Let me tell you a quick story about one of my in-person clients. Let’s call her Juanita.
Juanita had been training with me for about 4 weeks. She was doing great, although she was a little hard on herself.
She lifted weights for around 40 minutes and finished with some steady state cardio for around 20 minutes, and did this 3x per week.
She was also tracking her food intake, and would bring me her food log each week. After checking her food log over I would make a very tiny suggested change for the following week, Juanita would execute the shit out of it with ease, and we would lather, rinse, and repeat.
Week 4 rolled around, and Juanita was hoisting heavier weights, resting less, and feeling great. But she was feeling down about her progress.
Juanita’s goal was to lose some weight. It’s very important to distinguish here that when someone says their goal is to lose weight, they mean they want to lose fat. Your body's weight is made up of a lot of different things. Fat is really the only one you want to lose, trust me.
Back to Juanita and her disappointingly slow progress. She had only lost 1–2 pounds of scale weight since we began 4 weeks ago, and she was blaming herself. Mentioning things like “I shouldn’t have had that birthday cake this weekend.”
Side Note: If you are celebrating your kids birthday, please eat a piece of birthday cake. I promise I will have more questions if you don’t than if you do.
I knew Juanita was making great progress despite her scale weight so I whipped out my favorite fat loss metric tracking tool.
As it turns out, Juanita had lost 3/4" off her neck, 2" from around her shoulders, 1" from her chest, 1.5" from her waist, and .5" from each of her thighs.
That is a lot of fat loss and a lot of progress in four weeks. Juanita was thrilled and encouraged, and you won’t believe it, she busted her ass extra hard in the following session.
Something about positive feedback that kicks effort into high gear. Likewise, the disappointment of not seeing the scale move had her energy low, she was feeling lethargic and she was generally experiencing negative feelings about herself and her efforts.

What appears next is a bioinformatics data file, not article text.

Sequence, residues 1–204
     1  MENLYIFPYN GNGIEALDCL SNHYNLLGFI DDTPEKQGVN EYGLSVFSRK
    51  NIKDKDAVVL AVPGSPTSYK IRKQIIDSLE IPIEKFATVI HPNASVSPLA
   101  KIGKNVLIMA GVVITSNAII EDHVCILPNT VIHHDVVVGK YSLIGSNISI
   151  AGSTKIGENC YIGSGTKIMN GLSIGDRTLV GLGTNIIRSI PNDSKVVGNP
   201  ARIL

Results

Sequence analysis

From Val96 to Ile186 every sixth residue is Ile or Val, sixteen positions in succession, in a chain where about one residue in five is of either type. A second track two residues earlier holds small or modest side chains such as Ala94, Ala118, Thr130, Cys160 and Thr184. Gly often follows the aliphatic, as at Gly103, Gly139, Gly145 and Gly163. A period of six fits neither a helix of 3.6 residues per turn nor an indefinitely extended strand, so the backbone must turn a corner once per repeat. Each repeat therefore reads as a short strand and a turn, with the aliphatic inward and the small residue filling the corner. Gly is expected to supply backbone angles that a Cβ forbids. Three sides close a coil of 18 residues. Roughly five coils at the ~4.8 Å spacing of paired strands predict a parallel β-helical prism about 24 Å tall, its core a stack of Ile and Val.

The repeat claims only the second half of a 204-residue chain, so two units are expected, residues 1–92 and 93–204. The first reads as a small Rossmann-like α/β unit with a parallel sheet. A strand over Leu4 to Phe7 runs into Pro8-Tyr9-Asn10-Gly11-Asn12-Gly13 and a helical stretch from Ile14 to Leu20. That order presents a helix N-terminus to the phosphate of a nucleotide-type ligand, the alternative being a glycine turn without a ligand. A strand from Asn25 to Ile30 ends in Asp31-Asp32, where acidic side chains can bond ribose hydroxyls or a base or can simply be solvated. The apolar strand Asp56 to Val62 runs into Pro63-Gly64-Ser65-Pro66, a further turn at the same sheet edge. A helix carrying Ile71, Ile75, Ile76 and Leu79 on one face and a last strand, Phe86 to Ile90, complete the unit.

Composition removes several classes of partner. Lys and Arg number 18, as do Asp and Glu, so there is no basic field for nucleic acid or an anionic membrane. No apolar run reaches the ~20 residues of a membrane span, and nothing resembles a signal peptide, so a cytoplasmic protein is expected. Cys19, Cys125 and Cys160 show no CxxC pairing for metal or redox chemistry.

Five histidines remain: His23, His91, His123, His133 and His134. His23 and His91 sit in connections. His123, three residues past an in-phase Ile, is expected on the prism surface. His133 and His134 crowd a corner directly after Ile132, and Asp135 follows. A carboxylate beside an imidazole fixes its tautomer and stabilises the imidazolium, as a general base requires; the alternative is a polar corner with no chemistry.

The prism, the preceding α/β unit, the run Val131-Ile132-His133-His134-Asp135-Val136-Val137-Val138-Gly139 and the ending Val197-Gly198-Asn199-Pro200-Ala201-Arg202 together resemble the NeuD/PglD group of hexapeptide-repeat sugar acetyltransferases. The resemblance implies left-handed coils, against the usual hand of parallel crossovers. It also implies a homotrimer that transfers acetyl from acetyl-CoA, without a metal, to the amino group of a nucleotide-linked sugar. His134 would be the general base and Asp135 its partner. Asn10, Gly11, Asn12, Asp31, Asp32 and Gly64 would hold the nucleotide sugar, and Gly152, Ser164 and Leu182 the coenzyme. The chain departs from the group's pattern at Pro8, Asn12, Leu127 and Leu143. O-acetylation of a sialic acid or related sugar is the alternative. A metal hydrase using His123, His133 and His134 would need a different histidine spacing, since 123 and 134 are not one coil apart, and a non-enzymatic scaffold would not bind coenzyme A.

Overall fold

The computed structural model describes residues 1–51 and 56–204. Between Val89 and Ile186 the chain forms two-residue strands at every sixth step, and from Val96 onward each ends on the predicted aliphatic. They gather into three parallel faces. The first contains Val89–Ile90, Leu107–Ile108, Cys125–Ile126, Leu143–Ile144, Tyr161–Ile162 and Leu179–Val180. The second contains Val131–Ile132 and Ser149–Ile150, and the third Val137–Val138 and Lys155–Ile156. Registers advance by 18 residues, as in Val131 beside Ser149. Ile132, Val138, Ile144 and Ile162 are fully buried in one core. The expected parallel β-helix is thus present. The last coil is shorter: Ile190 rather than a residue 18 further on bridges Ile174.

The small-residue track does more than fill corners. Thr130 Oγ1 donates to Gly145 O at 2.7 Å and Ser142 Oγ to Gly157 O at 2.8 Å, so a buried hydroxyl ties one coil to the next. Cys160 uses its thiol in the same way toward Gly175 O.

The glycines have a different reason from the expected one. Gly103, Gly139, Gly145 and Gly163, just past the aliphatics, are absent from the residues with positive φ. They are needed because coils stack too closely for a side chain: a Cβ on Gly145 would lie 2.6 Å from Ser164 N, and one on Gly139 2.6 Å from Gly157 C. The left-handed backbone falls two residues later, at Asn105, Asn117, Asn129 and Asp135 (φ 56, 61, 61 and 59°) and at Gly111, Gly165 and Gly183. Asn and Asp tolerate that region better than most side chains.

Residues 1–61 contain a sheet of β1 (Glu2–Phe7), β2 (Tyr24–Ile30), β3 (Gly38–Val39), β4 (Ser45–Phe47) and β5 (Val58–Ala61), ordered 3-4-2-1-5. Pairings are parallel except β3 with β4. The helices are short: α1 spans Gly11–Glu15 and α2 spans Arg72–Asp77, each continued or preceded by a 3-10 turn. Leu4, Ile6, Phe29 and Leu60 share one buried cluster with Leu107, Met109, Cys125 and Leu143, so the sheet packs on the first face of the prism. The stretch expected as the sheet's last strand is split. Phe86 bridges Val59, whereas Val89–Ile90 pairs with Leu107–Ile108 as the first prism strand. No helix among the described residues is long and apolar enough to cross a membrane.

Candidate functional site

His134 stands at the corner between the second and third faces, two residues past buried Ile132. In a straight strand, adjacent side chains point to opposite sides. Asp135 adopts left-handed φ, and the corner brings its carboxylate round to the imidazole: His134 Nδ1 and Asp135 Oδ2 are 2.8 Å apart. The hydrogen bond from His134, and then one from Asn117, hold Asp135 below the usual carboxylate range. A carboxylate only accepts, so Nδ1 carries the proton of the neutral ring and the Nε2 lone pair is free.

Here is your takeaway message. The scale is fine to include as a fat loss metric, but be sure it is not your go-to. In fact it should be fairly low on your list.
How clothes are fitting, how you look in the mirror, and measurements should top your list of progress trackers.
Here is a really quick explanation for the scales lack of progress exhibition. When you first begin training, your body is trying to make quick adjustments. Once it realizes, “Oh man! I am going to need to exert force on a regular basis!” it begins to shuttle fluids and nutrients to your muscles. Your body stores more glycogen in your working muscles, which is very helpful in getting stronger, training harder and making progress. Not to mention, those new to weight training will add some lean tissue (muscle) as well, which is also super helpful in getting lean.
This all weighs something, and will generally off set your initial fat loss on the scale.
Avoid the frustration and negative feedback of frequent weigh ins on your bathroom scale. Put it away in a cabinet or under your bed and bring it out, along with a tape measure, every 4 weeks for your progress checks. The negative feelings you get from an unchanged scale will ultimately hurt your execution of your daily plan, which hurts your progress in the long run.
Final note: for more information on fitness, nutrition, or if you would like to contact me for some extra help, visit www.mitchheaslipfitness.com